Apr 17, 2011

Cocksure Canada

Does anybody know how to say, in rooster-talk, "Lighten up, Francis, I don't want your women"? Our rooster, Canada, is pretty darn certain that I'm missing my wife enough to go after his hens. When I open the door to their coop in the morning, he instantly jumps on the nearest hens for the obligatory 3 seconds, then proudly flaps his wings and shakes himself while giving me a cool "Them's mah bitches" look.

All day, whenever I'm near he finds a way to show his women that He Da Man. While I'm filling feeders he comes right up to my legs like he's ordering me to do it. When I pass by or walk away he follows for a while then turns back to make sure the hens see that he's chased me away.

Unlike his namesake's government, Canada is just benignly comical, not scary. Now our first rooster, Goldfeather, that was a different story. He was just plain mean. He'd follow us around, about as discreet as Peter Sellers' Inspector Clouseau, then full-on attack when we'd finally let down our guard. We had to make a rule to always have 2 people when out on the land, one just to watch Goldfeather and carry a big stick or shovel. Zekiah's bodyguard strayed a bit too far away one day and Goldfeather literally knocked him over and jumped on his chest. Fortunately our brave 5-year-old fought him off and didn't get his eyes pecked out, but it was enough that the rooster finally reverted to his first name - Roastie.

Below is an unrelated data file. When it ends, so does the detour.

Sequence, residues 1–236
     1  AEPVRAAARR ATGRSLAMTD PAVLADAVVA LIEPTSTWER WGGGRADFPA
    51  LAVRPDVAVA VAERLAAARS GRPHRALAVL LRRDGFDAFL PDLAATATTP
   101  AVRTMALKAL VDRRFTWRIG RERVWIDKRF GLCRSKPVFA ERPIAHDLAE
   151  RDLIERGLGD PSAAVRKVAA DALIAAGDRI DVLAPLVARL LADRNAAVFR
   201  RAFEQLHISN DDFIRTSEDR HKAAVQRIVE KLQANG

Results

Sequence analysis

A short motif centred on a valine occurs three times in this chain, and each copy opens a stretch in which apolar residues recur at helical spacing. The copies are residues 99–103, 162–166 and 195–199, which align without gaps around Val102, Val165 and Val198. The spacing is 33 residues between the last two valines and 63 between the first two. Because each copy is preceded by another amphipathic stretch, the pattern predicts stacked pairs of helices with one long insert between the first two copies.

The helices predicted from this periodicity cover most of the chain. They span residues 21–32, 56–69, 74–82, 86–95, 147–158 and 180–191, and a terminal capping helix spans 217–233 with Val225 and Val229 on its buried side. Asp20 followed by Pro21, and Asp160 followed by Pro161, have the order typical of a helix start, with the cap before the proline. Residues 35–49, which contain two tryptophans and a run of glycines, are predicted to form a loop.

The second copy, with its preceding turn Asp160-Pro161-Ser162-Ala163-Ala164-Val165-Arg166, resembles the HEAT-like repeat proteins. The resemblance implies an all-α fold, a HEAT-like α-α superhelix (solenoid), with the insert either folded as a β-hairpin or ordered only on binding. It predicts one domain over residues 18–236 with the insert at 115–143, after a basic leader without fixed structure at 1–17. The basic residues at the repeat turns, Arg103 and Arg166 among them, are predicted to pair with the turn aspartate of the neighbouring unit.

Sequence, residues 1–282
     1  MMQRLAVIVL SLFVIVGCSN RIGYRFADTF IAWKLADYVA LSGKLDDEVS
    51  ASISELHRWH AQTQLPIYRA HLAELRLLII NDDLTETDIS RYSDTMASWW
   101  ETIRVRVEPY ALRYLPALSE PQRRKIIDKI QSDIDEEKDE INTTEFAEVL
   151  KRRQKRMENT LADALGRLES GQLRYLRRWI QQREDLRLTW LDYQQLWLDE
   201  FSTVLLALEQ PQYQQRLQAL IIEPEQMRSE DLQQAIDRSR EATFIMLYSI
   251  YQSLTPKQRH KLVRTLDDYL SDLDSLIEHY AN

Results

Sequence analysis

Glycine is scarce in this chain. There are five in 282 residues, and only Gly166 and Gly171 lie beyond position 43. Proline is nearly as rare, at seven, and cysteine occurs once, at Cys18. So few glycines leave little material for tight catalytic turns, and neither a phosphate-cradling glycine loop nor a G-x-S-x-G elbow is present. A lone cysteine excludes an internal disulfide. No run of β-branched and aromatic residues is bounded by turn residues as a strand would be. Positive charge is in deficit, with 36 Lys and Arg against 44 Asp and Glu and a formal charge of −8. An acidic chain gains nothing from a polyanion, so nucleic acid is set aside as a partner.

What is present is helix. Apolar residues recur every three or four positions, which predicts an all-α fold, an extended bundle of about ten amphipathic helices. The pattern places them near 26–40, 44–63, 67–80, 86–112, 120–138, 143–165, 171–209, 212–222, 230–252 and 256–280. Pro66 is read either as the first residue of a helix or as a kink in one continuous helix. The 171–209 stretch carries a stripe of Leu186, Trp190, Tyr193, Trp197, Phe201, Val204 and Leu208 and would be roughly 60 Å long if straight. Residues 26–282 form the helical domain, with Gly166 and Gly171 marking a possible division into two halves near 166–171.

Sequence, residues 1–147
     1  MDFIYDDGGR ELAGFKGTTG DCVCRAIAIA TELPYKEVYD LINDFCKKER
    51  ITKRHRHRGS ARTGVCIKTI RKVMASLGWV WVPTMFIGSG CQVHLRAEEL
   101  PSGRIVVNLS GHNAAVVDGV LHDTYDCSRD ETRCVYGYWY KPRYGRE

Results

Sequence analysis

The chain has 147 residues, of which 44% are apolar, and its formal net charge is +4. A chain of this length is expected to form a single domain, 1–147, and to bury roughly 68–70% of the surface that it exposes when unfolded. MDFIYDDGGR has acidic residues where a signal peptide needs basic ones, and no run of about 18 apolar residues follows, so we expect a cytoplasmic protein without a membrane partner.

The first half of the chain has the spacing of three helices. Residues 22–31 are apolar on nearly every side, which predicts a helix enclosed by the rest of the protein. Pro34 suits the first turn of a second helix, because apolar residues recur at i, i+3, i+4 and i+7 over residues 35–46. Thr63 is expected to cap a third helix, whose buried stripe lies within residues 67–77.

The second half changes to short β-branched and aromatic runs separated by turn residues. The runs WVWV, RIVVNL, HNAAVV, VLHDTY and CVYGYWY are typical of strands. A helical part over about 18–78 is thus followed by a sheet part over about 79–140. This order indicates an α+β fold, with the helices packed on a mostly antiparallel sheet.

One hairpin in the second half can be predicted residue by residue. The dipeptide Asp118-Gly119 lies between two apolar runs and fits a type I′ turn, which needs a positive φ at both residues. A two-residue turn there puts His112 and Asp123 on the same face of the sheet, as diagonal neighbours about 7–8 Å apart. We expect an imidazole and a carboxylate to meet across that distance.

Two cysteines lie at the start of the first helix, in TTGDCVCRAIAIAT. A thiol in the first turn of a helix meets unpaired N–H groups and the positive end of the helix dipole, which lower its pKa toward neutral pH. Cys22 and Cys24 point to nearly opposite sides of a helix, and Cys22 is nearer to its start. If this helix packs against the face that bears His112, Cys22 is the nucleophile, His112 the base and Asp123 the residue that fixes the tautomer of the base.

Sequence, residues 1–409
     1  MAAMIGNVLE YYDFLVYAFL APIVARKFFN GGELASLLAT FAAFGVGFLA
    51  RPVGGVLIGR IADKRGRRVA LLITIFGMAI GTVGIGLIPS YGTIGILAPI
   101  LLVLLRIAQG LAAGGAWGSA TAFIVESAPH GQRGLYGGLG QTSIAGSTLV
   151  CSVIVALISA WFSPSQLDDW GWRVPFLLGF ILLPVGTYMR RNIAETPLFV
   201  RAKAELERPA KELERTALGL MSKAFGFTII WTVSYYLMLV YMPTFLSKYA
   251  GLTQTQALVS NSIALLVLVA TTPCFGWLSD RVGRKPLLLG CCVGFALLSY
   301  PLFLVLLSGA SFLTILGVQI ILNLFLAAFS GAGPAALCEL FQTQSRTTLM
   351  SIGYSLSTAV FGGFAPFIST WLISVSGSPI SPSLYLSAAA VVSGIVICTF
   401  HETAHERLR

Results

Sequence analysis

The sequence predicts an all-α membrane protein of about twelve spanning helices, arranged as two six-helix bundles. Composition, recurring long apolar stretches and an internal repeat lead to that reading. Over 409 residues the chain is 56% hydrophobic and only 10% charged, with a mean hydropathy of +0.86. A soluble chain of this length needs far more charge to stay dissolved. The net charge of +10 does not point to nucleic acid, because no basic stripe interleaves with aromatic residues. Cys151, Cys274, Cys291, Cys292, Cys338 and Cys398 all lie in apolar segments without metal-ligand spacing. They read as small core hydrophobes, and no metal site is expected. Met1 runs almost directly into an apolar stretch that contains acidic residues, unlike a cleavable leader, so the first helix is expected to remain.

When the boys are here, I get regular reports on his sexual prowess. "Papa! Canada was really doing his job today! He jumped on a hen and pinned her down, with her wings spread all the way out! He's really doing his job!" When it comes time for The Talk with my adolescent boys, we won't be starting from scratch, just something like, "Son, we humans do it a little differently..."

I used to think "cocksure" was an allusion to a man's sexual confidence, or at least bravado, but it really is a farm term. When you look it up in the thesaurus, it says "marked by excessive confidence, as in "the less he knows the more positive he gets." And there's a picture of Canada to illustrate it.

Our rooster is bravado personified, striking all the right poses, impeccable timing without ever actually pecking anyone. If somehow Farmer Rick is boosting his status by feeding his brood and walking away when he tells me, well I guess I'm cocksure enough to handle that.

1 comment:

  1. I took care of a friend's organic poultry operation once many years ago. The experience led me to believe that chickens, geese, and guinea hens were just above broccoli on the evolutionary ladder. In fact, I found them kind of loathsome (a quality I don't see in broccoli), particularly after one of the hens started cannibalizing her own eggs. This made roast chicken much more palatable.